If it weren’t for the proper names and historical references, fans would never know they were reading a continuation of one...



Everyone in Manhattan’s art world, from Frank Lloyd Wright on down, seems to be pressing Nero Wolfe to determine whether a wealthy collector fell or was pushed out of his office window.

A dinner to preview the 1959 opening of the Guggenheim Museum for its upper-crust patrons introduces Archie Goodwin, who’s accompanying his philanthropist girlfriend, Lily Rowan, to the soon-to-be-deceased Arthur Wordell, the father of Lily’s friend Nadia, and most of the intimates who seem fated to rub him the wrong way: biographer Faith Richmond, Art & Artists publisher Emory Sterling, curator at large Henry Banks, fine arts professor Boyd Tatum, abstract expressionist painter Zondra Zagreb, and Roger Mason, mopey curator of the Wordell collection. The only suspect missing from the group is Alexis Evans Farrell Wordell, the long-estranged wife who’s evidently hoping her refusal to divorce the collector will put her first in line if he dies intestate, as he obligingly does by tumbling 20 stories from the nondescript midtown office window in which he’s wont to perch to the parking lot below. Nadia, who’s convinced her father’s death was neither accident nor suicide, importunes Wolfe (The Battered Badge, 2018, etc.) to investigate. So does Alexis, who makes no secret of the fact that she thinks Nadia is responsible. And so does Wright, famed architect of the Guggenheim, who thinks Wolfe owes it to the city to take the case without a fee. Remarkably, Wright’s visit to Wolfe’s brownstone is no more remarkable than any of the other visits he gets from suspects, some at their insistence, some at his. No clues emerge from their conversations; no one in particular is implicated; and everyone sounds so much like everyone else that you may forget who’s sitting in the red leather chair this time. When it’s time for the big reveal, Wolfe summons all interested parties, tosses out some vague remarks that could implicate anyone, and enjoys the dubious satisfaction of seeing the killer snap like a week-old breadstick. As if.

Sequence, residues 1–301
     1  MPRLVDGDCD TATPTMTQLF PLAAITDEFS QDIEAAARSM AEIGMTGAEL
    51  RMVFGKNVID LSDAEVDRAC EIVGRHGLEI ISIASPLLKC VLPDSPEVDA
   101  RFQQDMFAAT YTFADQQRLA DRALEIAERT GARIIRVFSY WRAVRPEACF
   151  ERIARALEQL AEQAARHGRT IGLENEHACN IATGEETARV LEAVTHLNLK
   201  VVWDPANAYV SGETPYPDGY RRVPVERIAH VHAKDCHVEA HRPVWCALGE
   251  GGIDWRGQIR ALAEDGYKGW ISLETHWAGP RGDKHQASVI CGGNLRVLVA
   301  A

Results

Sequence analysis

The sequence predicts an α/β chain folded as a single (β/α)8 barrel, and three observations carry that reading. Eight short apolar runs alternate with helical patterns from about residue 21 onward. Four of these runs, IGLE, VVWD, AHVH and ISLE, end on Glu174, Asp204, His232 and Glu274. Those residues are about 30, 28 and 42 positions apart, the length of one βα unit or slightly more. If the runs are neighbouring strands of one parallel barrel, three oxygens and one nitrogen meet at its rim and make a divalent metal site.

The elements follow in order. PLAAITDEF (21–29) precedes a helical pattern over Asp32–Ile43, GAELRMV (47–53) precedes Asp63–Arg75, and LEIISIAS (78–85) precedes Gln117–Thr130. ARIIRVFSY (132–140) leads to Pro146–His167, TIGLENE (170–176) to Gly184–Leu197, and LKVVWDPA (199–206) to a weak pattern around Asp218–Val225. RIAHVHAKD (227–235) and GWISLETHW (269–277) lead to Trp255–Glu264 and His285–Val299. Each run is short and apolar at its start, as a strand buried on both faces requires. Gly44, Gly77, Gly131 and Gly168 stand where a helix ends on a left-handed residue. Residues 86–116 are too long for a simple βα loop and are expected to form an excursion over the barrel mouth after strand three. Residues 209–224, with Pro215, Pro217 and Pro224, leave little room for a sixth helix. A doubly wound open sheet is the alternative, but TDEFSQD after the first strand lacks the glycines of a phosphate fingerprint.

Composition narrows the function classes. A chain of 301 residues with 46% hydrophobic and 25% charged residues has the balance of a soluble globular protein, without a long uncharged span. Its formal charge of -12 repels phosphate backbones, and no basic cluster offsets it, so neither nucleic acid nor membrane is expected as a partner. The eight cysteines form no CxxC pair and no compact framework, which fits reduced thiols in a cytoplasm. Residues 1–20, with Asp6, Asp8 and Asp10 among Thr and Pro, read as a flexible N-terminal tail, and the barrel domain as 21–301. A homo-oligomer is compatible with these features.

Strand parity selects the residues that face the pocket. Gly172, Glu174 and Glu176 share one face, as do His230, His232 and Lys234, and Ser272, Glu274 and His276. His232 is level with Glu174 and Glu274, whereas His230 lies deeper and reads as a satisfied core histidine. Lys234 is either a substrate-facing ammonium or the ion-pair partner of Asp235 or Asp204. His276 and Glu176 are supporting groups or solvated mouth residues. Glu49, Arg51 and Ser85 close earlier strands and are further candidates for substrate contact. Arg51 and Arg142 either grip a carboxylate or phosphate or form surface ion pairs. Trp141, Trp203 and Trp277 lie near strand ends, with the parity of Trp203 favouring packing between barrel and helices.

If it weren’t for the proper names and historical references, fans would never know they were reading a continuation of one of the 20th century’s great detective franchises.

Pub Date: May 14, 2019

ISBN: 978-1-5040-5754-7

Page Count: 240

Publisher: Open Road Integrated Media

Review Posted Online: March 18, 2019

Kirkus Reviews Issue: April 1, 2019

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Forget about solving all these crimes; the signal triumph here is (spoiler) the heroine’s survival.


Another sweltering month in Charlotte, another boatload of mysteries past and present for overworked, overstressed forensic anthropologist Temperance Brennan.